I understand your situation but it's reality for many people. Is this possible for you to put on rent rather then sell. May be summer will help you. I have house in CT which is so beautiful was not able to sell by another realtor in time frame so i put that one on Rent & everything is going good now. Which part of CT you thinking top move? anymore questions email me.
0 votes Thank Flag Link Sat Jan 10, 2009
Have your agent contact both mortgage companies and find out what they will take for a short sale. A short sale will affect your credit, but you'd have to speak to a mortgage representative to find out what impact the short sale will have on your credit and ability to purchase another home.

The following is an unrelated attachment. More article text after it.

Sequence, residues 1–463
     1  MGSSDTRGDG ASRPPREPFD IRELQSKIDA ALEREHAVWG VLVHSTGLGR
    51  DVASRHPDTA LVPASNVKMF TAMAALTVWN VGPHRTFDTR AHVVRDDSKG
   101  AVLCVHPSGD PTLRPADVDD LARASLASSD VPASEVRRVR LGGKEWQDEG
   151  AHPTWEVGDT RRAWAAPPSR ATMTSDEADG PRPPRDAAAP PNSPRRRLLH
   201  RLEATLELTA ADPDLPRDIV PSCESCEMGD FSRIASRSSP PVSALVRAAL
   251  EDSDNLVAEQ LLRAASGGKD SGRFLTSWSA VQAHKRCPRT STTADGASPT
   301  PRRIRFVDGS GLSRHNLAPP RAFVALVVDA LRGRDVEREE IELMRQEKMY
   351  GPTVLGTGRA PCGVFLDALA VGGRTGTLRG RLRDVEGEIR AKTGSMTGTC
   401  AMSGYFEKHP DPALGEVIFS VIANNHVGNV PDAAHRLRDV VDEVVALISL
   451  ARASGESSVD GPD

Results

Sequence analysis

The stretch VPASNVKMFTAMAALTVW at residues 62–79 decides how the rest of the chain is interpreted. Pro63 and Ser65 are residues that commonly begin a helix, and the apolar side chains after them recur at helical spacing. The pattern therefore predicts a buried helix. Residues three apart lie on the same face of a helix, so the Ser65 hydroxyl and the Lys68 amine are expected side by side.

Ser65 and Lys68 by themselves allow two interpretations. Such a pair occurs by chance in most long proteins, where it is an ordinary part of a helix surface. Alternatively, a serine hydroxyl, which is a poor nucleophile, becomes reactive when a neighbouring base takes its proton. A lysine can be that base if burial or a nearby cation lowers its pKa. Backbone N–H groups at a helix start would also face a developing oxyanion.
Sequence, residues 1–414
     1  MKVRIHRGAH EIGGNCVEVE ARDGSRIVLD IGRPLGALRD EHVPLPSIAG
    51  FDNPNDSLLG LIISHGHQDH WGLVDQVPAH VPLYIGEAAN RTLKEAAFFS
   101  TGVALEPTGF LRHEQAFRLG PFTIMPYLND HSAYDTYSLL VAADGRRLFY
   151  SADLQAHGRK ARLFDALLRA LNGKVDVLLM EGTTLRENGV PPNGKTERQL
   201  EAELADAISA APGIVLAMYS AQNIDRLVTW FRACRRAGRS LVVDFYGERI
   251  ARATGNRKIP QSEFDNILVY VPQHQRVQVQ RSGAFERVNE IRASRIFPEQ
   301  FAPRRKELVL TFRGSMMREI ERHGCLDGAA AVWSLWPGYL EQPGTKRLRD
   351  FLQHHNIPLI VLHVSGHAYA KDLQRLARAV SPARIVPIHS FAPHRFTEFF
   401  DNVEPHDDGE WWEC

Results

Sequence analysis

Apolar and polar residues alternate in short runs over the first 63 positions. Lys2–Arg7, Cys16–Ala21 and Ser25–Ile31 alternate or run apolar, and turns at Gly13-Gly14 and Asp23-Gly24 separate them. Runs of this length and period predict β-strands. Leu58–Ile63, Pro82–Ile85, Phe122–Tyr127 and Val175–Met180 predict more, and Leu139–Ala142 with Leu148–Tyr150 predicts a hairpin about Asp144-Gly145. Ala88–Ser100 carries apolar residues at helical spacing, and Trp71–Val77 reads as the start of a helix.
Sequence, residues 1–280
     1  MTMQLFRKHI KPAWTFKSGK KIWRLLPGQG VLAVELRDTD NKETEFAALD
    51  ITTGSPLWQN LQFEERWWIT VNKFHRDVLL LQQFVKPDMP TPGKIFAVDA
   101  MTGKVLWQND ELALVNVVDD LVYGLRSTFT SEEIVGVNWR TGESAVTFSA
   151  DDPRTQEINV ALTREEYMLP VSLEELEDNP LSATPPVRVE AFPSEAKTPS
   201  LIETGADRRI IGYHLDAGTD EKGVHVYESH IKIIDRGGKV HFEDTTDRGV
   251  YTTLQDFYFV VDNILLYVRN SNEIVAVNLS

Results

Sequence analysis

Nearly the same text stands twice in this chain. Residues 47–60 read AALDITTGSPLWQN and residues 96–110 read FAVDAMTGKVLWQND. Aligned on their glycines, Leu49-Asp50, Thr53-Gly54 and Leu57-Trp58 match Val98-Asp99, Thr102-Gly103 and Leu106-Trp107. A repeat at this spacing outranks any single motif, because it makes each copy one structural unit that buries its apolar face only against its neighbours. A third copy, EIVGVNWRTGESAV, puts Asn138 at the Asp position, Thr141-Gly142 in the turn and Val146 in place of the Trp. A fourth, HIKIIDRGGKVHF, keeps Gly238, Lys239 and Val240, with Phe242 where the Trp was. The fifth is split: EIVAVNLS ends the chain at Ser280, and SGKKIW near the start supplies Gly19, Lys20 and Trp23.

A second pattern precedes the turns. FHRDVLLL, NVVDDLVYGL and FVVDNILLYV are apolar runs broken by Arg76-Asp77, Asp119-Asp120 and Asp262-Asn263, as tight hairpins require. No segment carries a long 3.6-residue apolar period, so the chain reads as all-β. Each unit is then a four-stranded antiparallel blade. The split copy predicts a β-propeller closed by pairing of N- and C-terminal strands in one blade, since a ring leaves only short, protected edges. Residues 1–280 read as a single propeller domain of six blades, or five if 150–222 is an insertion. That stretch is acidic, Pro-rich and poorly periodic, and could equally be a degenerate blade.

Laura Giannotta
Keller Williams Atlantic Shore
0 votes Thank Flag Link Sat Jan 10, 2009
Confused from your question HOWEVER if I understand the question:

If you want to sale your home via a short sale requires lender approval by submitting a hardship package and other documents required. Lender will forward their specifications.

Can you purchase after you sale your home, it all based on credit scores, debt ratio, employment history, downpayment. Short sale will tank your credit could be up too several years prior to able buy another home.
Web Reference: http://www.lynn911.com
0 votes Thank Flag Link Sat Jan 10, 2009
It seems the general consensus from the professionals on this board is that if you hang on to an unrealistic price just to cover your mortgage, it will cost you more in the end. As for as the first part of the question as well as the second, I really no nuthin.
0 votes Thank Flag Link Sat Jan 10, 2009